There are encouraging signs of reacceleration in China and other Asian economies after a recent series of lockdowns, with Japan likely in store for better growth after a recent Delta-induced contraction. More countries returning to normal can help stimulate both global supply and global demand. As factories return to full production capacity across East and Southeast Asia, supply chain stress will ease. At the same time, higher consumer spending in reopening countries will lift overall growth in the region and around the world.
As 2022 approaches, the world economy shows signs of heating up. Data releases are once again surprising on the upside. Global manufacturing activity has reaccelerated, and unemployment rates continue to fall quickly in countries that are further along in their recoveries. We can’t foresee anything happening in 2022 to match the explosive demand growth generated by the global reopening, but the economy still has clear pillars of support and is gathering new momentum as vaccine doses are administered across the world. Financial markets will likely take notice.
A high pressure (economic) system
For the first time in decades, investors find themselves in a high-pressure economic system. Inflation is running high in developed economies, while unemployment continues to trend lower and wage growth is accelerating. Global production, orders and shipments are at or near all-time highs, but so are input costs and delivery delays. Despite this, we do not think inflation should be investors’ main focus as they consider adjusting their portfolios heading into 2022.
“Transitory” inflation has now become a familiar punchline, but we continue to expect monthly goods price increases — which peaked in the first half of 2021 — to moderate as supply increases and consumer preferences shift. U.S. personal spending is well above its pre-pandemic trend, but the mix of that spending remains skewed toward goods over services (Figure 2). Even a partial reversion to January 2020 conditions would have a disinflationary effect, as service prices have not been under nearly as much pressure as goods prices.
While we expect supply chain pressures to ease in 2022, we are also concerned that pressures may be shifting to the labor market, particularly for in-person service workers. Job creation was strong across the U.S. and Europe in 2021, but employment remains well below prior peaks even as GDP has returned to its 4Q 2019 level. Over 10 million jobs sat open in the U.S. as recently as September, and employment is still down four million from its December 2019 peak. Where have these workers gone, and are they coming back?
To answer this question, we are chiefly concerned with prime-age workers (25 – 54). We know that demographic forces are bringing a larger share of the populations of developed economies into retirement age. A few million people who were working two years ago have simply chosen to retire as scheduled or early if their nest eggs permitted. On the flipside, a larger percentage of younger workers are eschewing additional schooling to take entry level jobs that pay considerably more than they did two years ago. But understanding the drop in employment and, more distressingly, the desire to seek employment among prime-age workers is the key to answering investors’ questions about inflation, interest rates and risk-taking in 2022 (Figure 3).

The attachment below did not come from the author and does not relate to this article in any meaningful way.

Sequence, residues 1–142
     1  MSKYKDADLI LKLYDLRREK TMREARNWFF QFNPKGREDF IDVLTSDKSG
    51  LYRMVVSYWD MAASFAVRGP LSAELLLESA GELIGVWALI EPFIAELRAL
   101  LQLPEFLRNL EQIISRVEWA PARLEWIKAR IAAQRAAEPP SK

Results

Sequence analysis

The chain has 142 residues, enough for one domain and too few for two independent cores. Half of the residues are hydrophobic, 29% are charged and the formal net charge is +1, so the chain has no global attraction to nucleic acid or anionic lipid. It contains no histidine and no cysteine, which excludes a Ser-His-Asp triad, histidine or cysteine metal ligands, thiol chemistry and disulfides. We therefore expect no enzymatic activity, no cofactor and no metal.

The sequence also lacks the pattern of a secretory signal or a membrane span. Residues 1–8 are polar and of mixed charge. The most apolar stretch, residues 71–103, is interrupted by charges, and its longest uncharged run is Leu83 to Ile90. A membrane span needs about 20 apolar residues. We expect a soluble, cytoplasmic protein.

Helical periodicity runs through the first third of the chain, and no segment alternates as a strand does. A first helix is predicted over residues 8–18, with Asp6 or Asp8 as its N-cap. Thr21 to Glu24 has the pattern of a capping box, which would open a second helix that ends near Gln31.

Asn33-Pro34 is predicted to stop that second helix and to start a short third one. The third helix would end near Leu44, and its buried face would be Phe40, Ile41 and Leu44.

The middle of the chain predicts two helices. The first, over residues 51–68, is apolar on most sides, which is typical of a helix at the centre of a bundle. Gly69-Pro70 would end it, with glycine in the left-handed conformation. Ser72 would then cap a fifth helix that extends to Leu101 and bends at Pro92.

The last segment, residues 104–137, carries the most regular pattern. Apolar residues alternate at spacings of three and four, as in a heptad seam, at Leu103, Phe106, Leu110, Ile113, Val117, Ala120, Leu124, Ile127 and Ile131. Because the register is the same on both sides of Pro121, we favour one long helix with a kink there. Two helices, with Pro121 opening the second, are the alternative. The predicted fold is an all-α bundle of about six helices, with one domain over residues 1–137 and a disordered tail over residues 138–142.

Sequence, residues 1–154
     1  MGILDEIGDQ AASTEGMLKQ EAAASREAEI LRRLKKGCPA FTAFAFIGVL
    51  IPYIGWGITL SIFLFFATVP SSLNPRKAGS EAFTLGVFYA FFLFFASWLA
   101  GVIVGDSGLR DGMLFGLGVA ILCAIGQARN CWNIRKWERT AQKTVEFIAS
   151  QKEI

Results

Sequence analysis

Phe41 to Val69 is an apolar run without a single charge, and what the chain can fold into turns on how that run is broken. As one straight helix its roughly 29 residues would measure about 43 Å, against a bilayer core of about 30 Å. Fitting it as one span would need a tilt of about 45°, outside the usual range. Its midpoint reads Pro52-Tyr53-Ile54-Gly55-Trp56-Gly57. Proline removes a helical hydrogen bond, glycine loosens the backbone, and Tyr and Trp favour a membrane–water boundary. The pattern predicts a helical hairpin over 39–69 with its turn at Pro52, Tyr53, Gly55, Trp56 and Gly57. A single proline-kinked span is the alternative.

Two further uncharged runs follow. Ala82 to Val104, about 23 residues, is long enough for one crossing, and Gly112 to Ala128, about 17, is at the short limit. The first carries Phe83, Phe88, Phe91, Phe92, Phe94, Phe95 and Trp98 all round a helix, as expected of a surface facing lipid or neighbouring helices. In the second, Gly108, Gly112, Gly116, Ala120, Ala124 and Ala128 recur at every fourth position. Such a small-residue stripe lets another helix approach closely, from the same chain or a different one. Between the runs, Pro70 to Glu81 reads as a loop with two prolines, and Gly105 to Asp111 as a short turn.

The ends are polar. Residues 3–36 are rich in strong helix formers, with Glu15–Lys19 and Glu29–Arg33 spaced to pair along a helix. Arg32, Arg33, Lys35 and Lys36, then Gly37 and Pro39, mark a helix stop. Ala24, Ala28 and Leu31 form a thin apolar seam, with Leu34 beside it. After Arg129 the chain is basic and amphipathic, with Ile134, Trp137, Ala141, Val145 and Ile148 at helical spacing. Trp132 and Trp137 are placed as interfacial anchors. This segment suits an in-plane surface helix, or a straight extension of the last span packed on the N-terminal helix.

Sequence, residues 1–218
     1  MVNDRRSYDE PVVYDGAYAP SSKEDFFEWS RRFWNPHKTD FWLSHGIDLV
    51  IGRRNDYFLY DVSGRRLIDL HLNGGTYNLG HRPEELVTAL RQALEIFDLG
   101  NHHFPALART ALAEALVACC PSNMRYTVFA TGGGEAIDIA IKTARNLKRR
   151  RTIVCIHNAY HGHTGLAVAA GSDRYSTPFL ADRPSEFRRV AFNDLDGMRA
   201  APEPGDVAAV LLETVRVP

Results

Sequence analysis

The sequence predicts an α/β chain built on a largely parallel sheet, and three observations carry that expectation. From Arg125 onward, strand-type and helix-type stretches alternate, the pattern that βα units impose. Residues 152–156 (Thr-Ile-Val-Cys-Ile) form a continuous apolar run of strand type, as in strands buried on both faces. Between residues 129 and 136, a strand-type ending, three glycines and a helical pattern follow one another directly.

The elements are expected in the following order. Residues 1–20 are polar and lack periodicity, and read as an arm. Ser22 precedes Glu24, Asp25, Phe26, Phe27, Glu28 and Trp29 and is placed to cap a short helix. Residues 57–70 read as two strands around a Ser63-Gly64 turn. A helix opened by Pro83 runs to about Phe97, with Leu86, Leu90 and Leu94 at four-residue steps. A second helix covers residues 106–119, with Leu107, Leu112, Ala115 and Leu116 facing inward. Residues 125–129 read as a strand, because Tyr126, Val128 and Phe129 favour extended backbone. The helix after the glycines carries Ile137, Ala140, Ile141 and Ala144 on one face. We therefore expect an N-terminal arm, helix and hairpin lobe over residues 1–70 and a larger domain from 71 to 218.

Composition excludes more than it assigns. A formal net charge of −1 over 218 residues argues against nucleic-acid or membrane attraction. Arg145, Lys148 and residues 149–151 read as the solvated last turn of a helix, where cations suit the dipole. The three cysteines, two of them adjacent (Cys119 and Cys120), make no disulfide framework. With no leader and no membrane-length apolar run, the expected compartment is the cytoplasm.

Let’s start with a sunny prediction. Most working-age people who have left the job market, for whatever reason, since the start of the pandemic will at some point be compelled to return. For many, it will be when their savings wind down or their child care needs are met. Others who have been reluctant to return for fear of contracting COVID-19 continue to find good news on booster efficacy and coming therapeutic treatments. For these reasons and more, labor force participation should increase in 2022.
Now for a more ominous forecast: If workers don’t return quickly enough, the already-tight labor market could get tighter, pushing wage growth even higher. That in itself is not a concern, but if those costs are added to rising raw materials prices and delivery delays, they could threaten businesses’ profit margins and force central banks to preempt an inflationary spiral with tighter monetary policy. This “non-transitory” style of inflation could threaten markets next year.
Central banks are, for now, ably absorbing the pressure in the system…from markets, politicians and armchair economists. Keeping monetary policy easy during a year of high inflation in the service of fostering a faster jobs recovery would, just a few years ago, have been a revolutionary concept. But it seems clear that the pedal-to-the-metal response to the COVID-19 crisis by legislators and central banks helped engineer the strongest bounce back from a severe recession on record.